SINAT CHINAM REDUX

Although accurately translated as baseless hatred, Sinat Chinam has been understood as to what lengths one will do to turn against one’s own people. The Talmudic story that serves as the basis for Sinat Chinam explains that Sinat Chinam resulted in the destruction of the second Temple in Jerusalem.

American Jewry experienced a most bitter taste of Sinat Chinam toward the end of last week, when it was discovered that it was a Jew – a teenager with dual American/Israeli citizenship – living in Ashkelon, who was behind the bomb threats at Jewish Day schools, JCC’s, and synagogues throughout this country. Far be it from me to decide what punishment, if any, is due him – (I have already decided, but anything I say or print will be held against me) but there is simply no forgiveness for the irreparable damage that he caused.

The teenager caused so many of us to draw the wrong conclusion. Justifiable or not, countless American Jews felt that it must be some “right-wing nut” or sympathizer of “humiliated” Palestinians who was behind all this. At present, tensions are high enough between a good many Jews in this country and these two groups. Thanks to the teenager currently in Israeli custody, fuel has been added to the fire. Quite frankly, this is worst that can happen as far as ecumenism. And this is coming from a rabbi who so often gives new meaning to the word “provincial” when it comes to interacting with the outside world.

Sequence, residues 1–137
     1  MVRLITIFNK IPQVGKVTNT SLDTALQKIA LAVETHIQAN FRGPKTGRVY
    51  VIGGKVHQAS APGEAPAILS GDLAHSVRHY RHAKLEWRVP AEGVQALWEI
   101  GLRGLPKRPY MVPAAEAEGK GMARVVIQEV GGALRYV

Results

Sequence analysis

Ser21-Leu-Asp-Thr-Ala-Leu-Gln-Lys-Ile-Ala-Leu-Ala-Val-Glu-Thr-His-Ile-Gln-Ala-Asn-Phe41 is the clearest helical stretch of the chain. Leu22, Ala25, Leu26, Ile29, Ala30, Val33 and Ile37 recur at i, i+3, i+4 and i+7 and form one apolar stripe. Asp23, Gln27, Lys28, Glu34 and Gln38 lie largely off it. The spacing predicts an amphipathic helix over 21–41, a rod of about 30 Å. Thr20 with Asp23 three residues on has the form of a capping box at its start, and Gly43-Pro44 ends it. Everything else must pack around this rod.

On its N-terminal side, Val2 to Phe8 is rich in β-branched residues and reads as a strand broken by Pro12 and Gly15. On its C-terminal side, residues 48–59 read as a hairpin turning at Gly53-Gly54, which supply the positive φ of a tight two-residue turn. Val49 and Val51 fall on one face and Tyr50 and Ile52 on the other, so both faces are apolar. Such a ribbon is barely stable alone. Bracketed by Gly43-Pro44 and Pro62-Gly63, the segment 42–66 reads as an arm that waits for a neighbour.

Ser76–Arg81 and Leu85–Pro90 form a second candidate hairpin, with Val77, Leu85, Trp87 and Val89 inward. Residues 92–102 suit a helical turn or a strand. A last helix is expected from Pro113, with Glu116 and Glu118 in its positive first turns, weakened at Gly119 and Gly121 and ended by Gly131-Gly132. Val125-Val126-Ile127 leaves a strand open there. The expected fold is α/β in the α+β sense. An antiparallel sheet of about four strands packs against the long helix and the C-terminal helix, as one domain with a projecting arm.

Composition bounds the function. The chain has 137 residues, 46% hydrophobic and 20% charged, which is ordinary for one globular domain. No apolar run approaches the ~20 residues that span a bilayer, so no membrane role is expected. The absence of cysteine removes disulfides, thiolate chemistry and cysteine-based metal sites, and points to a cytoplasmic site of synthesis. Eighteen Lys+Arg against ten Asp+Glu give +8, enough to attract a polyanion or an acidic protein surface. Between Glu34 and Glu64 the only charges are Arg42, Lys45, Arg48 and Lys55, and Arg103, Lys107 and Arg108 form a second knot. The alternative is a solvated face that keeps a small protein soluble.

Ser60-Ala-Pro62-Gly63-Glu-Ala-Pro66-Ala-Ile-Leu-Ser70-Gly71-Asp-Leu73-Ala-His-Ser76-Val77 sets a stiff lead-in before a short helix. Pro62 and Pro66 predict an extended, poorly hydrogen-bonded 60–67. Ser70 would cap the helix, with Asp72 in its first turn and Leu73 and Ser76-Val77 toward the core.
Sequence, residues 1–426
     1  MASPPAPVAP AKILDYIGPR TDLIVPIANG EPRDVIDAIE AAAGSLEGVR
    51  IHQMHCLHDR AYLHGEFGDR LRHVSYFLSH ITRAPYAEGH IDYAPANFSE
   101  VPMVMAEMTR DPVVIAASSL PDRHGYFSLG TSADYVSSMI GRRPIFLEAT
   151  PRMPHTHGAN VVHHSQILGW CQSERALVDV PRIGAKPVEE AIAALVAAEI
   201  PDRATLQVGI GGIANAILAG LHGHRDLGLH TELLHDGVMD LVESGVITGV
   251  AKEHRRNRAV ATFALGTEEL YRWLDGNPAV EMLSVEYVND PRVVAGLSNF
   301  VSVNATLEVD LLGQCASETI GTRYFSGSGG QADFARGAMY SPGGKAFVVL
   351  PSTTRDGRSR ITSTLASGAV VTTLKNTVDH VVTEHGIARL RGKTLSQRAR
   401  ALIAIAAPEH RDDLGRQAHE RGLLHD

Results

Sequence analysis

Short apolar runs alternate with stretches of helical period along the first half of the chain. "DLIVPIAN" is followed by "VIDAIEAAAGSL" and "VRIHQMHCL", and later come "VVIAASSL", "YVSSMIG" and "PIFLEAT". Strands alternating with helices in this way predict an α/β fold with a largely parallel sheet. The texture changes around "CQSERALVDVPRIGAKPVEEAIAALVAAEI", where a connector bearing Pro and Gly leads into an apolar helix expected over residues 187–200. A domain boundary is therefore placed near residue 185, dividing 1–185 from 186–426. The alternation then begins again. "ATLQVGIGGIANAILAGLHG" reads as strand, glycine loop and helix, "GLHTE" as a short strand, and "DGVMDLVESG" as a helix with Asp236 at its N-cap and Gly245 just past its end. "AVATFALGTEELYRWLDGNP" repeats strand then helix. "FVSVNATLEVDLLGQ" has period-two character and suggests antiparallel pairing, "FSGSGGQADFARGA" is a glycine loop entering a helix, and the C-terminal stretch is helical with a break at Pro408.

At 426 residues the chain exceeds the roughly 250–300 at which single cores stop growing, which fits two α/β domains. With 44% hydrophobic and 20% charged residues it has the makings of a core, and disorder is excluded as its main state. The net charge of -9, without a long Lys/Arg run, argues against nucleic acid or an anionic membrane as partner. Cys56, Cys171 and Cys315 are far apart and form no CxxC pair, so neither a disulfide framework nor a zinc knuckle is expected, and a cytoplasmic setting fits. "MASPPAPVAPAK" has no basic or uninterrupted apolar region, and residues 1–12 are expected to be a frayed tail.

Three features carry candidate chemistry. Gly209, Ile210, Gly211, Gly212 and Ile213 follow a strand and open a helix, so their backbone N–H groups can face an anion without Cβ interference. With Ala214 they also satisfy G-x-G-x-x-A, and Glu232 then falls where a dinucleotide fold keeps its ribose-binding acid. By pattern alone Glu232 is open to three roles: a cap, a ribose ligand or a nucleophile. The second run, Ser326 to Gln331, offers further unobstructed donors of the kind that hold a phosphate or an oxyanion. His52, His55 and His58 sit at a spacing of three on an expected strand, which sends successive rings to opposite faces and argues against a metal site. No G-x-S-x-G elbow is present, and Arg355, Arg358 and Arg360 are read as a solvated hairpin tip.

He caused a good many of us to review the meaning of “land of the free and home of the brave.” Once upon a time, our children and grandchildren answered “nothing” when we asked them: “What took place at school today?” For the last period of time, not only have we been afraid to ask, but we feared that we might be confronted by an excited eight year old exclaiming: “Guess what? We had a bomb scare at our school today!”  The more sanguine among us might very well have waxed philosophical, finding comfort in that it was “only” a scare and not the real thing. Then again, who ever thought that one should have to resort to being sanguine when it came to bomb threats at our schools, our JCC’s, and our synagogues?